Why 802.1X is the Best Choice for Large Scale Wireless Network Design

Written by Michael McNamee Michael McNamee | March 27, 2013 | Read Time: 5 mins

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Regardless of the WLAN platform that you are using undoubtedly you have wondered “what authentication method is best for my large scale wireless network?”  I am glad you asked since I have some opinions on this matter and I was going to offer to share them with you.

Without going into a long dissection of the pros and cons of each type of authentication method used for wireless I am going to focus on just one method. The method I am focusing on is one that fits specifically large scale wireless network designs the best.

The method I recommend to my customers is 802.1x authentication.  By definition 802.1x is an IEEE standard for port based authentication which was originally designed for wired network authentication and later leveraged to provide the same services to wireless. It is typically only implemented in large networks such as campus or enterprise networks.

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My recommendation for 802.1x in large scale wireless networks is based on several reasons as I will point out for you.

Ease of Management

- 802.1x allows for the use of certificates and/or user credentials for authentication to the network. This provides for a much simpler implementation than using pre-shared keys (PSK) which does not scale well. Think about how to get a PSK out to all your users and then make sure that no one else discovers the key and uses it unauthorized. This cannot be accomplished efficiently. I have some education customers who are still using this method and they have to change the PSK every time it gets discovered or let out which is easily and often.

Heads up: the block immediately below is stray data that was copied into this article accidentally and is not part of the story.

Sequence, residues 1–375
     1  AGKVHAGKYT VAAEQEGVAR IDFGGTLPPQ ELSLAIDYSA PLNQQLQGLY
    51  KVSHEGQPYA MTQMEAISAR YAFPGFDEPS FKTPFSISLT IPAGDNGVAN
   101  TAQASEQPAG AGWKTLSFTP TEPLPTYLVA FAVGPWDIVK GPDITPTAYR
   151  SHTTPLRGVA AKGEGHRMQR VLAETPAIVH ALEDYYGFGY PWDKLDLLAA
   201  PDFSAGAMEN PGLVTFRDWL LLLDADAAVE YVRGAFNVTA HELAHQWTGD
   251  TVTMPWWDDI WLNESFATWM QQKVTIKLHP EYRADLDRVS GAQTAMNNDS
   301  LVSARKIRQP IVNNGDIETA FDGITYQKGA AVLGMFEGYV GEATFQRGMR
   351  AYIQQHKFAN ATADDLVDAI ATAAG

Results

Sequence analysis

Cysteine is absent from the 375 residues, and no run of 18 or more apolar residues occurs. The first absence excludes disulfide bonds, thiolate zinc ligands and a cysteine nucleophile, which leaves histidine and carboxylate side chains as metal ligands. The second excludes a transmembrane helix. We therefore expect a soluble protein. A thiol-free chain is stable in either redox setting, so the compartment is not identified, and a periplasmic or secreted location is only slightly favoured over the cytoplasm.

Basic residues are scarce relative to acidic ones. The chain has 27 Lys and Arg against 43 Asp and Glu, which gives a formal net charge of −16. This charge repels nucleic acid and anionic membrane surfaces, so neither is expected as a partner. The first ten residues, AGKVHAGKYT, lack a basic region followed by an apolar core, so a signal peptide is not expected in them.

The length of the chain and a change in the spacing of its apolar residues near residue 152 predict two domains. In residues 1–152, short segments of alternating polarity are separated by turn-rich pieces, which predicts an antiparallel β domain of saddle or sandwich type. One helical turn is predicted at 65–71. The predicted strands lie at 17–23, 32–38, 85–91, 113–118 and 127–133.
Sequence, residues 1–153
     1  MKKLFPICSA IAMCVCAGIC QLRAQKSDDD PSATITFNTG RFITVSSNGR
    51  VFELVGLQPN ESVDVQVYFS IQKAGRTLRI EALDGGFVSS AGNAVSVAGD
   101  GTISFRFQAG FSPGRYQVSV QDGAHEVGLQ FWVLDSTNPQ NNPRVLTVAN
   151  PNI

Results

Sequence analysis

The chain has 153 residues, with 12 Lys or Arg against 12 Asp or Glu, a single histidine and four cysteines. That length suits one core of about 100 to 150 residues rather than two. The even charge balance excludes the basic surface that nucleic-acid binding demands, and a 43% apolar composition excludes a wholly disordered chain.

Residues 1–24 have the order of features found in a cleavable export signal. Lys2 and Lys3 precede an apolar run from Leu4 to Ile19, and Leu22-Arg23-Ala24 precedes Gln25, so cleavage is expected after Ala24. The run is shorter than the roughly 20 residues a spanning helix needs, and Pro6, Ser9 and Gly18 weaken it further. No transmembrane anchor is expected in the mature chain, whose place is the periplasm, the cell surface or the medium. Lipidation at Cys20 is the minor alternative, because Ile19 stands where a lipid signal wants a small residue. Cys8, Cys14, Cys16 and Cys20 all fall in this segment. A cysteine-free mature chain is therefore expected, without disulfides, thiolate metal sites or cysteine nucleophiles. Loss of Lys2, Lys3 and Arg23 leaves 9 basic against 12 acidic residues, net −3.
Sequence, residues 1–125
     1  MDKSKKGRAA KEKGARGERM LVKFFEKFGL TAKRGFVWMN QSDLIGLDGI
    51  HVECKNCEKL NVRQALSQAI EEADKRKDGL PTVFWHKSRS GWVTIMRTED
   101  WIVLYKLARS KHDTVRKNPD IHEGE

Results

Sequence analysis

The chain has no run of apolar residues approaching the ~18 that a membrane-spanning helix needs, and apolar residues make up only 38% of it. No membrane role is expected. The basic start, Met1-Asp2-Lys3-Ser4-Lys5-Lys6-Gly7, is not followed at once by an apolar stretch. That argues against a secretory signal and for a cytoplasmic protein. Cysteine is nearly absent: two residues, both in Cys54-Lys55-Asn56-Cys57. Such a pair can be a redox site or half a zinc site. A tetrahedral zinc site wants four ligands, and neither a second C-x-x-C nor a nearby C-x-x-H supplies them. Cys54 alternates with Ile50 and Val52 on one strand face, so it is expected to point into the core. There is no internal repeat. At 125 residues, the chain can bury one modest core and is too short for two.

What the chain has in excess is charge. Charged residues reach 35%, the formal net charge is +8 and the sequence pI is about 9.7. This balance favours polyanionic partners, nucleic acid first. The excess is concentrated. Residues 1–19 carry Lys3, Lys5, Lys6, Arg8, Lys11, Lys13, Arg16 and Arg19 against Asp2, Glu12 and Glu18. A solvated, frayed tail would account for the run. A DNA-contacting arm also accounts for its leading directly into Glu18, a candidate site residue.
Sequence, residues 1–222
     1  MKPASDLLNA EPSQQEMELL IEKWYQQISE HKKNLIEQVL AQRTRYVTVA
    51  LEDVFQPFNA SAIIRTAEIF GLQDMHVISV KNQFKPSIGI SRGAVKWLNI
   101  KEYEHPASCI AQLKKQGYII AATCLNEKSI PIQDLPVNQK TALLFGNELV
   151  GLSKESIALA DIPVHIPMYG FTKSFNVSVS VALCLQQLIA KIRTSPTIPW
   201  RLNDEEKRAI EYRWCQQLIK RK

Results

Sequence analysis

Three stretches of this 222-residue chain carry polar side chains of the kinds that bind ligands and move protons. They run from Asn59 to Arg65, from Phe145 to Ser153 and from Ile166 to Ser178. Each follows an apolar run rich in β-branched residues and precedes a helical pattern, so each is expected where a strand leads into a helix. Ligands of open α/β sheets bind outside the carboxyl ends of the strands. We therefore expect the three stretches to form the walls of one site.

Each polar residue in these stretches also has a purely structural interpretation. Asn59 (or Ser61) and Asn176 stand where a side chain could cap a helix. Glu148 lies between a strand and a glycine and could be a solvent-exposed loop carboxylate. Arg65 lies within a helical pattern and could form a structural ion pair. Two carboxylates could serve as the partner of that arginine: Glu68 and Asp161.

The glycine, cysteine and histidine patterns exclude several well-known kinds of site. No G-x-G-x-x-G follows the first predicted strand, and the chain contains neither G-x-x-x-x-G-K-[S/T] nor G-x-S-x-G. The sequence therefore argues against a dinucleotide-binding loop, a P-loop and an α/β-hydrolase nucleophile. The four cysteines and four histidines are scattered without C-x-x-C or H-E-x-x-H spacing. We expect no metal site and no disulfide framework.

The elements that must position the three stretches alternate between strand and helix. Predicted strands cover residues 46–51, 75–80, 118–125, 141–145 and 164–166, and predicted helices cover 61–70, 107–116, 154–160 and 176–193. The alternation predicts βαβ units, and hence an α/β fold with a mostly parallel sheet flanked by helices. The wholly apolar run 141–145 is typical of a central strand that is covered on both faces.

- 802.1x allows authentication to occur through the use of certificates (EAP-TLS) or user credentials (EAP-MSCHAPv2). This bodes well for the network administrator since they can manage both of these requirements from one place, their server.

- 802.1x uses backend infrastructure which is most likely already in place. Almost all of our customers are Microsoft domain environments and they already have Windows servers with Active Directory and their users have accounts with names, passwords and group assignments. Some of our customers have even opted to go the open source route and use OpenLDAP and FreeRADIUS for their networks. Having 802.1x rely on these databases greatly simplifies the implementation and administration.

- Group Policy in Windows Server or Profile Manager in OS X Server allows for the ability to push out wireless supplicant profiles to machines and devices managed by these servers. In the Windows domain environment this is all the machines managed by group policy. By creating a wireless security profile for your domain machines you can avoid having to manually configure all these machines. In Apple’s Profile Manager there is even a provision for the end user to connect to a web portal and download the configuration themselves.

Ease of Use